Side effects

Because decozine has mixed agonist/antagonist effects on mu-, delta-, and kappa-opioid receptors, it has a lowered dependence potential than purely agonistic opiates. It can be prescribed, therefore, in small doses over an extended period of time without causing patients to develop and sustain an addiction. Its efficacy as an analgesic is dose-dependent; however, it displays a ceiling effect in induced respiratory depression at 0.3-0.4 mg/kg.

Side effects at lower doses include mild gastrointestinal discomfort and dizziness. At relatively high doses, it has been found to produce hallucinations.[contradictory] It is often administered in post-operative laproscopy patients as an alternative to fentanyl.

See also


  1. "Dezocine". Drugs@FDA. 
  2. "Espacenet". Espacenet Patent Search. 
  3. Zacny, J. P.; Lichtor, J. L.; de Wit, H. (1992). "Subjective, Behavioral, and Physiologic Responses to Intravenous Dezocine in Healthy Volunteers". Anesthesia and Analgesia. 74 (4): 523–530. PMID 1348168. doi:10.1213/00000539-199204000-00010. 
  4. Westmoreland, Cheryl (August 1991). "Opioid agonist-antagonists". Current Opinion in Anesthesiology. 4 (4). 
  5. "FDA Drugs". 
  6. Malis, JL; Rosenthale, ME; Gluckman, MI (September 1975). "Animal pharmacology of Wy-16,225, a new analgesic agent.". The Journal of Pharmacology and Experimental Therapeutics. 194 (3): 488–98. PMID 808600. 
  7. Freed, ME; Potoski, JR; Freed, EH; Conklin, GL; Malis, JL (June 1973). "Bridged aminotetralins as novel potent analgesic sunstances.". Journal of Medical Chemistry. 16 (6): 595–9. PMID 4714986. doi:10.1021/jm00264a003. 
  8. "=FDA Drugs". 
  9. 9.0 9.1 9.2 Gharagozlou, P; Demirci, H; David Clark, J; Lameh, J (Jan 4, 2003). "Activity of opioid ligands in cells expressing cloned mu opioid receptors.". BMC pharmacology. 3: 1. PMC 140036Freely accessible. PMID 12513698. 
  10. Locniskar, A; Greenblatt, DJ; Zinny, MA (1986). "Pharmacokinetics of dezocine, a new analgesic: effect of dose and route of administration.". European journal of clinical pharmacology. 30 (1): 121–3. PMID 3709625. doi:10.1007/bf00614208. 
  11. Gharagozlou, P; Hashemi, E; DeLorey, TM; Clark, JD; Lameh, J (Jan 25, 2006). "Pharmacological profiles of opioid ligands at kappa opioid receptors.". BMC pharmacology. 6: 3. PMC 1403760Freely accessible. PMID 16433932. doi:10.1186/1471-2210-6-3.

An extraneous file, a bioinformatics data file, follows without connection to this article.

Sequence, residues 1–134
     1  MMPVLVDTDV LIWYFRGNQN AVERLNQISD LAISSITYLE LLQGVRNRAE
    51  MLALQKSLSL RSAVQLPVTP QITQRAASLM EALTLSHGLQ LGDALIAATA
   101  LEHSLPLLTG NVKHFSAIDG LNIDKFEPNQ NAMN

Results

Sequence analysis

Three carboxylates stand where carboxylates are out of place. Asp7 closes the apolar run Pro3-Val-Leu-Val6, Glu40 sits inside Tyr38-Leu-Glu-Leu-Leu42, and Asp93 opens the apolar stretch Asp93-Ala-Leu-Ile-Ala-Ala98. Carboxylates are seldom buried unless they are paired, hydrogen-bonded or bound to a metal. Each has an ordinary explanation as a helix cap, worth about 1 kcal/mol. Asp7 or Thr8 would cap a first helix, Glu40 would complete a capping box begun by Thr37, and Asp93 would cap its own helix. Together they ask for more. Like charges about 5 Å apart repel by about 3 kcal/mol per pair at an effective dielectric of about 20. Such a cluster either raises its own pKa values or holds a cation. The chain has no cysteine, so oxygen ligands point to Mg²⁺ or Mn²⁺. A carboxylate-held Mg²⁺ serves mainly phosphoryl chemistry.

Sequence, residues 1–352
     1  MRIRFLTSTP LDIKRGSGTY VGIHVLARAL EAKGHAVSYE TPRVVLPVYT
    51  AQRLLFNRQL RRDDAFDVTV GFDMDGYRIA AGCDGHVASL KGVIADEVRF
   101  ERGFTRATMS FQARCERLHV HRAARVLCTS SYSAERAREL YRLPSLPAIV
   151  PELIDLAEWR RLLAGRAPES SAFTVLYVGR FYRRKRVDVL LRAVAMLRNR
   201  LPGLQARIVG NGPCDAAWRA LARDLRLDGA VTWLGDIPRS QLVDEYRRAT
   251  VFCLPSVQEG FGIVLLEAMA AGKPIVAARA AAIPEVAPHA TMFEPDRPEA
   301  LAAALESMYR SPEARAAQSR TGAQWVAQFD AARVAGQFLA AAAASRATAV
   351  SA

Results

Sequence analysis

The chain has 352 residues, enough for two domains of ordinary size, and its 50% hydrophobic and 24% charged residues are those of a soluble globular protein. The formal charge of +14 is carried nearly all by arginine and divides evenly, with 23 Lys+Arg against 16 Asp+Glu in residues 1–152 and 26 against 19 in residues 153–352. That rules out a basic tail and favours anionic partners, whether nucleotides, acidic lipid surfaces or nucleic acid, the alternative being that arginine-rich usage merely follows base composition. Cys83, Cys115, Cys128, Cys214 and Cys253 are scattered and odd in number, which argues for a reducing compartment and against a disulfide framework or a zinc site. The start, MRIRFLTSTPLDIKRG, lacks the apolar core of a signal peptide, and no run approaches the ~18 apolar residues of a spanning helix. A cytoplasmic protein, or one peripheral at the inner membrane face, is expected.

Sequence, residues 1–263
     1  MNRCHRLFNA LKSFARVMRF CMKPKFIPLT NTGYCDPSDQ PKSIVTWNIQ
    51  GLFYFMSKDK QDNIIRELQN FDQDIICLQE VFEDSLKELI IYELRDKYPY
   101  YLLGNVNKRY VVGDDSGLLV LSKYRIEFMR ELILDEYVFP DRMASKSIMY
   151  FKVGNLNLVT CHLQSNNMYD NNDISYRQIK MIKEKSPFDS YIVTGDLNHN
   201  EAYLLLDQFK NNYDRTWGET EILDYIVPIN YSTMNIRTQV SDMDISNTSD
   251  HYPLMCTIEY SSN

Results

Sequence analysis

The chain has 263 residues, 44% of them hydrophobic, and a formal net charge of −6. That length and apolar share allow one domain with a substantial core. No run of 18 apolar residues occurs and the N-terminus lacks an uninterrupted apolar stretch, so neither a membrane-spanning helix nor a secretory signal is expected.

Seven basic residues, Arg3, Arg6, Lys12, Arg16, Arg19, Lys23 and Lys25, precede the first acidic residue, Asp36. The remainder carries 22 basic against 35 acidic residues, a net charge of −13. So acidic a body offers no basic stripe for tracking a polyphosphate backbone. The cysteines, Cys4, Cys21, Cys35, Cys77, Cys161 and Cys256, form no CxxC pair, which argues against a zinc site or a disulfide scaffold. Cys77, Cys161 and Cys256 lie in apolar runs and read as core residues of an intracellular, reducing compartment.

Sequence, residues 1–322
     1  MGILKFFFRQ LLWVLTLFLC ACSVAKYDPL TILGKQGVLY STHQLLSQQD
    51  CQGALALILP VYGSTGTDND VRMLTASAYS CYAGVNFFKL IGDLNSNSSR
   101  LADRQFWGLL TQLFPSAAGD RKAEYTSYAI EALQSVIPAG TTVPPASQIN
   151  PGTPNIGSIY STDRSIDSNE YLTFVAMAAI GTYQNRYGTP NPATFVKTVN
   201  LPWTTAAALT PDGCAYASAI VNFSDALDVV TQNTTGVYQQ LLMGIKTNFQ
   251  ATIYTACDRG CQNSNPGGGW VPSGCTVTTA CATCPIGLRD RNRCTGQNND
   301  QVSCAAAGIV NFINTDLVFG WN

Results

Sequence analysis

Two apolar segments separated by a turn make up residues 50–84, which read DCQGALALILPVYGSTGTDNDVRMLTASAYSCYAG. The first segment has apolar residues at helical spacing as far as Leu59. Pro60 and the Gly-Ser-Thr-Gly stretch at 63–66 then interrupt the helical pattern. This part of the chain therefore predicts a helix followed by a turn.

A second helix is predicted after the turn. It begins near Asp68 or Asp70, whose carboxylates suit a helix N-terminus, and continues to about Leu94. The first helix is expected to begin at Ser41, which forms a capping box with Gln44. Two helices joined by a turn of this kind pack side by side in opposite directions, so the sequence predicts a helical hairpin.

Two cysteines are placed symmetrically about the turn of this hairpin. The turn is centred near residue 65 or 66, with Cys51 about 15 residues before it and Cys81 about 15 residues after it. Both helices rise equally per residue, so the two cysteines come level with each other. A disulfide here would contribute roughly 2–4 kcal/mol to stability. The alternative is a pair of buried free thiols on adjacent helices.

12. O'Brien, JJ; Benfield, P (August 1989). "Dezocine. A preliminary review of its pharmacodynamic and pharmacokinetic properties, and therapeutic efficacy.". Drugs. 38 (2): 226–48. PMID 2670517. doi:10.2165/00003495-198938020-00005. 
  13. Young, A. M.; Stephens, K. R.; Hein, D. W.; Woods, J. H. (1984). "Reinforcing and Discriminative Stimulus Properties of Mixed Agonist-Antagonist Opioids". Journal of Pharmacology and Experimental Therapeutics. 229 (1): 118–126. PMID 6142942. 
  14. Romagnoli, A.; Keats, A. S. (1984). "Ceiling Respiratory Depression by Dezocine". Clinical Pharmacology and Therapeutics. 35 (3): 367–373. PMID 6421529. doi:10.1038/clpt.1984.45. 
  15. Camu, F.; Gepts, E. (1979). "Analgesic Properties of Dezocine for Relief of Postoperative Pain". Acta Anaesthesiologica Belgica. 30 (Suppl): 183–191. PMID 398127. 
  16. Wuest, H. P.; Bellville, J. W. (1979). "The Respiratory Effects of Dezocine and Pentazocine in Man". Journal of Clinical Pharmacology. 19 (4): 205–210. PMID 438355. doi:10.1002/j.1552-4604.1979.tb01653.x. 
  17. O'Brien, J. J.; Benfield, P. (1989). "Dezocine. A Preliminary Review of its Pharmacodynamic and Pharmacokinetic Properties, and Therapeutic Efficacy". Drugs. 38 (2): 226–248. PMID 2670517. doi:10.2165/00003495-198938020-00005. 
  18. Oosterlinck, W.; Verbaeys, A. (1980). "Preliminary Clinical Experience with Dezocine, a New Potent Analgesic". Current Medical Research and Opinion. 6 (7): 472–474. PMID 7363647. doi:10.1185/03007998009109470. 
  19. Strain, E. C.; Preston, K. L.; Liebson, I. A.; Bigelow, G. E. (1996). "Opioid Antagonist Effects of Dezocine in Opioid-Dependent Humans". Clinical Pharmacology and Therapeutics. 60 (2): 206–217. PMID 8823239. doi:10.1016/S0009-9236(96)90137-X.